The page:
Exercise Linked to Parkinson’s Prevention
Research evidence continues to mount that physical exercise may help lower a person’s risk of developing Parkinson’s disease. In a new study that followed 43,368 men and women in Sweden for about 13 years, moderate daily exercise was found to be associated with a lower risk of Parkinson’s.
Parkinson’s belongs to a group of conditions called motor system disorders, which occur when the brain loses dopamine-producing cells. It affects more than one percent of people aged 60 years and above.
Symptoms include trembling in the arms, hands, legs, jaw, and face, stiffness of arms and legs and trunk, slowness of movement, and impaired balance and coordination. Eventually, walking, talking, and everyday tasks become more challenging.
Parkinson’s disease is the fourteenth leading cause of death among Americans, according to the Centers for Disease Control and Prevention (CDC).
The team behind the new study was led by Dr. Karin Wirdefeldt of the Karolinska Institutet in Stockholm. They used questionnaires to determine levels of physical activity of many types including housework, commuting, occupational work, leisure time exercise, and total daily physical activity.
Overall activity was converted into “metabolic equivalent” (MET) hours per day, using estimated oxygen consumption associated with each type of activity.
Participants were all healthy at the start of the study in 1997. By 2010, 286 individuals had developed Parkinson’s disease. Those who spent more than six hours per week on housework and commuting had a 43 percent lower risk than those who spent fewer than two hours per week on these activities.
Among men only, a “medium amount” of overall activity (judged as an average of 39 MET hours per day) was found to carry the lowest risk, a 45 percent lower risk, of Parkinson’s disease, compared with a low level of total physical activity. The risk was not lowered by leisure time exercise or job-related physical activity alone, among either men or women.
Full details appear in Brain: A Journal of Neurology.
Wirdefeldt believes the study has a number of strengths. It included both men and women, and it was a prospective study, because all information on physical activity was assessed in advance of Parkinson’s disease developing. A prospective study follows individuals over a period of time, looking for particular outcomes such as the development of a disease.
The team’s findings are also backed up by a further analysis in which they pooled the data from the current study with that of five earlier prospective studies. This analysis supported the finding that more physical activity is linked to a lower risk of Parkinson’s disease.
“Another major strength of this study is that we considered the entire spectrum of daily energy output, rather than purely focusing on dedicated exercising,” she said. “Further, we conducted a rich set of sensitivity analyses to test the robustness of our findings.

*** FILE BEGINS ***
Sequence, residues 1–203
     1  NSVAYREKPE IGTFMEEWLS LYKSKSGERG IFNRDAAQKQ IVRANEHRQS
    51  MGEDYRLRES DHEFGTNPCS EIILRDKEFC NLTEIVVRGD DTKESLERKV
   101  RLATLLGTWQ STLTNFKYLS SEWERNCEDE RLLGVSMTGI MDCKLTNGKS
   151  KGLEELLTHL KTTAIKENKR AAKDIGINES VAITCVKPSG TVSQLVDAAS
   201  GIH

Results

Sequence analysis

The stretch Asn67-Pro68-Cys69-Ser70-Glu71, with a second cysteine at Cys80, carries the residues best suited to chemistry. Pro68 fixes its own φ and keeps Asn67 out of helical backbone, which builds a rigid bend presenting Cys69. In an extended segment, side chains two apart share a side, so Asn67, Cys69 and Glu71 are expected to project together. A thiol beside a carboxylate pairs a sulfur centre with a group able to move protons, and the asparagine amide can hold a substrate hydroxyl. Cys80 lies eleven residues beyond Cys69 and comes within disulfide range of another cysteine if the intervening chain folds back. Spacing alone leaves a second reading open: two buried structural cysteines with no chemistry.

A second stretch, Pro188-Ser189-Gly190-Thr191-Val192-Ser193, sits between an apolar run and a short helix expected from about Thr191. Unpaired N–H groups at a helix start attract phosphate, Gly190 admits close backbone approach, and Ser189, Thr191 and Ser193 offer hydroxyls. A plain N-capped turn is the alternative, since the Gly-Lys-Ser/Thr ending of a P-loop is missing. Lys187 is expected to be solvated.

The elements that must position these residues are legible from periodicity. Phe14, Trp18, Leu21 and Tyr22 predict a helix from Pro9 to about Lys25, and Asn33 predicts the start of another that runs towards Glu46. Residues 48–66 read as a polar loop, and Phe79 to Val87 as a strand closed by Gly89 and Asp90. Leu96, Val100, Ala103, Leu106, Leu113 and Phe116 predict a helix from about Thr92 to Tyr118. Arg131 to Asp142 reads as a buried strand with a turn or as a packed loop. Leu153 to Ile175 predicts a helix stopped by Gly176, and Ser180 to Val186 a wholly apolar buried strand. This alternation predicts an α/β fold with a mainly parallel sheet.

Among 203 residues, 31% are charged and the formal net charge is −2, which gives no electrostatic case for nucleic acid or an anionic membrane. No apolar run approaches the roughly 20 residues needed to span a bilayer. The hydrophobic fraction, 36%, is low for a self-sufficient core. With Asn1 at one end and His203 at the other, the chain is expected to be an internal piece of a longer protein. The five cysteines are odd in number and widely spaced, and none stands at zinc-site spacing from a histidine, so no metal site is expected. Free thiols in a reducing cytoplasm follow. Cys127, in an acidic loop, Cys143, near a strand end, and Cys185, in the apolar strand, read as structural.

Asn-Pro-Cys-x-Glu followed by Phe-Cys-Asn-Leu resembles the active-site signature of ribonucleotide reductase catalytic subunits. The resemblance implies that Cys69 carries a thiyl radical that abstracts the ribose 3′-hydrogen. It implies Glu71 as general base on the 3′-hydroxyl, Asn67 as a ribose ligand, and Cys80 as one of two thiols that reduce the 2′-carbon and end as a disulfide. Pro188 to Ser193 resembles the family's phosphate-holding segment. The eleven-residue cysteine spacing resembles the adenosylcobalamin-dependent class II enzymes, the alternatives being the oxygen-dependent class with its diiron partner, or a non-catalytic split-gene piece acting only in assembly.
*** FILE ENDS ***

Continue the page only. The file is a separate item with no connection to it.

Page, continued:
“The protective effect of physical activity was further supported when we summarized all available evidence from published prospective cohort studies. These findings are important for both the general population and for the health care of patients with Parkinson’s disease.”
The team believes that their measurement of total physical activity (via an extensive questionnaire) “captures a comprehensive picture of daily physical activities and may be a better representation of a modulating factor for Parkinson’s disease risk compared to a specific type of physical activity.”
Previous research has shown that only a few risk factors are consistently linked to Parkinson’s disease. These include family history of the condition, and the protective effects of smoking and consuming caffeine. But intensive physical exercise has been linked with neuroprotective effects in earlier animal experiments.
The mechanism behind the impact of exercise is not yet fully understood, but it likely involves benefits to brain cells whose primary neurotransmitter is dopamine. A 2003 study indicated that exercise may alter these neurons to make them less vulnerable to toxins.
A further 2007 study suggested that exercise may boost dopamine release in the striatum, part of the forebrain that is crucial for a range of cognitive processes.
Future work must focus on understanding this mechanism, but for now the experts concluded, “The available evidence from animal and human studies suggests favorable biological effects of exercise with regard to Parkinson’s disease risk.”
Yang, F. et al. Physical activity and risk of Parkinson’s disease in the Swedish National March Cohort. Brain, 19 November 2014 doi: 10.1093/brain/awu323
Collingwood, J. (2015). Exercise Linked to Parkinson’s Prevention. Psych Central. Retrieved on March 21, 2018, from https://psychcentral.com/news/2015/01/06/exercise-linked-to-parkinsons-prevention/79517.html